Last week, New York Times columnist Paul Krugman tried to sell the merits of second “stimulus” by claiming education spending is being slashed, to the detriment of American students. He contends that education has suffered because of skepticism about the merits of government spending. Krugman writes:

There’s no mystery about what’s going on: education is mainly the responsibility of state and local governments, which are in dire fiscal straits. Adequate federal aid could have made a big difference. But while some aid has been provided, it has made up only a fraction of the shortfall. In part, that’s because back in February centrist senators insisted on stripping much of that aid from the American Recovery and Reinvestment Act, aka the stimulus bill… As a result, education is on the chopping block. And laid-off teachers are only part of the story. Even more important is the way that we’re shutting off opportunities.

Krugman’s solution is to pass another large federal spending package:

First of all, Congress needs to undo the sins of February, and approve another big round of aid to state governments. We don’t have to call it a stimulus, but it would be a very effective way to create or save thousands of jobs. And it would, at the same time, be an investment in our future.

Aside from the erroneous notion that government can create wealth, Krugman’s call for more fiscal recklessness is premised on the notion that increased spending will improve education. However, years of rising spending has had little impact on academic achievement.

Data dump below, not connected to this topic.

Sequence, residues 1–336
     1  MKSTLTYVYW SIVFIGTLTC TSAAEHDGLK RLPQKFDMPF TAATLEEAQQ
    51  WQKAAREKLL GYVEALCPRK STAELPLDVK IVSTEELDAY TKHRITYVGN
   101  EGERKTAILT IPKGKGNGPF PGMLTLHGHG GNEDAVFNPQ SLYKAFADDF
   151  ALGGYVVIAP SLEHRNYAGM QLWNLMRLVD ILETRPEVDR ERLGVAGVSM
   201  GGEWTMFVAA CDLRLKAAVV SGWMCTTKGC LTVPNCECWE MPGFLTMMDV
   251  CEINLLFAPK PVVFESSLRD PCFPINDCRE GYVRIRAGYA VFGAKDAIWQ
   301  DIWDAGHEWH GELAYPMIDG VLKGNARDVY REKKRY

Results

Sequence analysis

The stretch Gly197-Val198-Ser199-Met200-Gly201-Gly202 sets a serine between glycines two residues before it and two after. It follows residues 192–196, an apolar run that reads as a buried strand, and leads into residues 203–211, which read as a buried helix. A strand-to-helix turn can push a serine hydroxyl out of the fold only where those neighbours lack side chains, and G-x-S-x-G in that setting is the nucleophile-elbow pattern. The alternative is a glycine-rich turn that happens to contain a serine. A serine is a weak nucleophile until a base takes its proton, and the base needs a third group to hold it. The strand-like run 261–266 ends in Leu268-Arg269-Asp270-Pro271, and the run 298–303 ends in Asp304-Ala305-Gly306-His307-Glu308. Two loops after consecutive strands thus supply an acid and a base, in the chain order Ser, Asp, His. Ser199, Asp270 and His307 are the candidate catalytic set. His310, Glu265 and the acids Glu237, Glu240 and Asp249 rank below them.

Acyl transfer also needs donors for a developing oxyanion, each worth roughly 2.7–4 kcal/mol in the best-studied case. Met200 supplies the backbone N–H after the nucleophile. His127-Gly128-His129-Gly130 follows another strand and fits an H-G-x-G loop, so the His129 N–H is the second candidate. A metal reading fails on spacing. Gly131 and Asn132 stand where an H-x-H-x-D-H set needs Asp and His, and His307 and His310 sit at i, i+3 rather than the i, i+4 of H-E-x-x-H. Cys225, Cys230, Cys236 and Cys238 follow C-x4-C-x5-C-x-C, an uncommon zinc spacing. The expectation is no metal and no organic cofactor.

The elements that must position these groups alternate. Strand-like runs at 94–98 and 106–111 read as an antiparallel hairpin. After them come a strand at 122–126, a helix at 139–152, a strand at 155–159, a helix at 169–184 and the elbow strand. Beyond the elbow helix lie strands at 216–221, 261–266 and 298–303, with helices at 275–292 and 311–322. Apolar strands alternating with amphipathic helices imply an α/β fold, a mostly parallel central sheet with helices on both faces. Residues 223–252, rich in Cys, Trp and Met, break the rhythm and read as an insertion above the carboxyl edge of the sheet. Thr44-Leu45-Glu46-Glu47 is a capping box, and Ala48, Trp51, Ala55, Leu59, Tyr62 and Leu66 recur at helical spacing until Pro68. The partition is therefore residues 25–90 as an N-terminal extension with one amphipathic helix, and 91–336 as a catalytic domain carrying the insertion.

From 1984 to 2004, per pupil spending increased by 49 percent (after adjusting for inflation). And since 1985, federal elementary and secondary educa­tion spending has increased by 138 percent. Yet, reading achievement has remained relatively flat, and graduation rates have stagnated around 73 percent.


In addition to the misinformation in the Times op-ed about education spending, Krugman also implies that students do not have enough access to financial aid for college:

In America, with its weak social safety net and limited student aid, students are far more likely than their counterparts in, say, France to hold part-time jobs while still attending classes.

But here too, government spending is the culprit. Neal McCluskey over at The Cato Institute explains:

Indeed, it’s the vicious cost-escalation cycle that has made loans increasingly important: students and parents complain that higher education is too expensive, vote-seeking politicians increase grant and loan aid, colleges raise tuition to gather the new money, students and parents complain again, and around we go.

Taxpayers bear the biggest burden of these expenditures, and reap little to none of the educational rewards. Over the last ten years, students’ real, after-aid educational costs — tuition, fees, room and board — increased approximately 24 percent at private four-year colleges, and 35 percent at public institutions. Federal aid furnished by taxpayers, meanwhile, increased much faster, rising 77 percent in the last decade, from $48.7 billion to $86.3 billion.

Education spending in America is at an all-time high. Taxpayers now pay close to $10,000 per student per year – or, over the course of their time in public school, more than $120,000 for a child entering first grade today. Yet pundits such as Krugman would rather advocate throwing more dollars into an education system that fails millions of children each year than promote substantive ideas for reform. If Krugman’s interests truly lie in improving American education, using his coveted NYT space to promote ideas that work – such as school choice – would go a long way in reaching that goal.